Not so long ago, people navigating the process of becoming students at UAA needed to drive or ride a bus if they needed to see a recruiter or get help filling out financial aid paperwork.
“We were at the University Center before, behind where students could get to,” said Marnie Kaler, interim director of UAA New Student Recruitment. “If new students came to campus, they wouldn’t know where to go and we were 1.2 miles away, behind the scenes. It was a challenge.”
That process is about to get easier, with the launch of The University Hub, located in a renovated Wells Fargo Sports Complex space just a few steps—literally—from the Student Union.
The University Hub is the new headquarters for offices serving the needs of students launching their academic careers at UAA, including New Student Recruitment, transition advisers for UA Scholars and exploratory and undeclared-major students—and Career Exploration & Services.
“The idea is working together more cohesively in a more collaborative way, making the experience for the student a seamless one,” said Theresa Lyons, executive director for Student Outreach and Transition. “We want to help them complete those processes, make sure they’re best prepared for the orientation experience and understanding the life cycle of the institution—when things are due, deadlines and dates—things that help acclimate a student. We’re seeking to create a space where students feel welcome and invited.”
Advising is a key service the new Hub is striving to improve, Lyons said.
“We try to do what we consider comprehensive advising, where we are working with the student making sure the admissions process is completed, making sure they have the assistance they need completing the FAFSA (Free Application for Federal Student Aid),” she said. “It can be done here, and of course advising them in that first year—moving them to a place where they declare majors sooner is the ambition.”
Lyons says one goal will be to provide group advising, to resolve questions that are consistently asked of all students. Another goal: maximize advising resources.
“We’re interested in having student peer advisers help with some of those low-lying things students ask: ‘How do I’s’ or ‘Help me register for classes,’ might be questions a student peer adviser could answer, freeing up the adviser to have those more in-depth conversations with students as they’re trying to decide their next step.”
Career Exploration & Services historically worked with students as they neared the end of their college careers, but Lyons says a shift is taking place there as well.
“The ambition is to create that connection early on,” she said. “Looking at it from a workforce development [perspective], we’ll be introducing students to job-shadowing opportunities so they can start to think about or experience a workplace environment, earlier.”
The Hub serves as a resource for all students—providing assistance with FAFSA forms, for example, and offering free Compass-series workshops about personal development, time- or money-management skills, test-taking strategies and other topics.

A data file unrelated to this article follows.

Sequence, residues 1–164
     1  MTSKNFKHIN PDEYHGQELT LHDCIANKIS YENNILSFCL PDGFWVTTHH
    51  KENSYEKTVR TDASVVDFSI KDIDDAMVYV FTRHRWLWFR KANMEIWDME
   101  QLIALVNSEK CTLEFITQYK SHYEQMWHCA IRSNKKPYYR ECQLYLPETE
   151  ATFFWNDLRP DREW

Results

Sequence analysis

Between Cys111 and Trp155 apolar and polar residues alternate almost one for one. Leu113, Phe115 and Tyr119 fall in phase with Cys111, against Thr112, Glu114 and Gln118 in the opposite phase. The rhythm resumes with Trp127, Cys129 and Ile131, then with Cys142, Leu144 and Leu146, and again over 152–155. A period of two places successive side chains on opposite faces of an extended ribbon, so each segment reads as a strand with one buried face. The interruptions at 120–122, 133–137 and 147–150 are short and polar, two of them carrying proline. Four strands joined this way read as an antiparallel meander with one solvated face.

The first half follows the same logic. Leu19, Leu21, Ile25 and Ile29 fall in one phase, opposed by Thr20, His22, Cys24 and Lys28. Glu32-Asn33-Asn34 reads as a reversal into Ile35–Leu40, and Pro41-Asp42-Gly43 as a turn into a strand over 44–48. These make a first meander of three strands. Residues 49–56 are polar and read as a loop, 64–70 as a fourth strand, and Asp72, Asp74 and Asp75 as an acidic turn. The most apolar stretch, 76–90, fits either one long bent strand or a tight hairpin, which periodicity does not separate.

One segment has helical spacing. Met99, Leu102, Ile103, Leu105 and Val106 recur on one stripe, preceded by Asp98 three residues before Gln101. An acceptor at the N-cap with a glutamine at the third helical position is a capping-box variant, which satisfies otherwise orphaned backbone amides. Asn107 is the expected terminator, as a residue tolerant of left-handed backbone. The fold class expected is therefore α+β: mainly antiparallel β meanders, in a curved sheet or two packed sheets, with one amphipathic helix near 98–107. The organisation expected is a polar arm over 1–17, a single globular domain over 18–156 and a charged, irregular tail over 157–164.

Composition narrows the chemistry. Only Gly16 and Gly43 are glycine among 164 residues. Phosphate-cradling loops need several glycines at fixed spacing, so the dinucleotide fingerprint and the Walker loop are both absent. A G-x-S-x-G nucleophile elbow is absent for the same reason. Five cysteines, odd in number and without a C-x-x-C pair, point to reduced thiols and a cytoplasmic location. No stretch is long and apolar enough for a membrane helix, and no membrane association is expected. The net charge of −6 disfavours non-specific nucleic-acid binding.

Creating a college-going culture
The University Hub serves as headquarters for UAA’s efforts to encourage first-generation and lower-income students from Anchorage schools to go to college, here.
Lyons’ office will use an award from the UAA Annual Fund for Excellence to launch UAAspire, a new bridge-to-high-schoolers program that seeks to assist and encourage students at East, West and Bartlett high schools—offering personalized assistance there at the schools with completing financial aid, navigating the college admissions and enrollment processes and applying for scholarships.
The new program is especially important since the U.S. Department of Education didn’t renew a grant that funded TRIO programs at UAA—such as Educational Talent Search, which Lyons said served 750 students in the Anchorage School District, at six middle and high schools. Two thirds of the ETS population was low income and first generation, she added.
“They worked with 130 seniors a year; 80 of those students would enroll here every year,” she said.
The big picture, the big goal, is creating a college-going culture and an educated populace.
“People have to know not just that the college exists, but how to get here and how to stay here,” Lyons said. “We must retain them and they’ve got to graduate. Twenty percent of the people who get a UA Scholars Award don’t even go, anywhere.”
A large part of the reason is access.
“I might not know what to do to get my scholarship,” she said. “Going to the schools, having a relationship with the district—you need all of these layers because that’s what it takes. You’re talking about a mindset that hasn’t conceived college. They may have the intellect and the ability, but being able to visualize and see it, or come here and feel comfortable—like do I know someone, will someone talk to me, can I make a friend. All of those things matter.”
Despite the grant setback—which they hope is temporary, because they’re appealing the decision—Lyons and her colleagues in the Hub’s various offices are moving forward.
“For us, because we’re in this new space, we’re hoping new relationships form,” she said. “We’re talking about the same things, looking at people’s calendars, figuring out where we can collaborate better. Some of the silos we expect will come down as a result of being in the space, having conversations around similar work. Considering the fiscal climate, I think you have to start thinking about doing things differently.”
Lyons says being available to students is critical, so they’re discussing new possibilities, such as group advising, walk-in appointments, advising via the phone and Skype.
“We’re looking at those kinds of opportunities so we can better serve the population in various ways, to meet that goal of serving all of our students,” she said.
Written by Tracy Kalytiak, University of Alaska Anchorage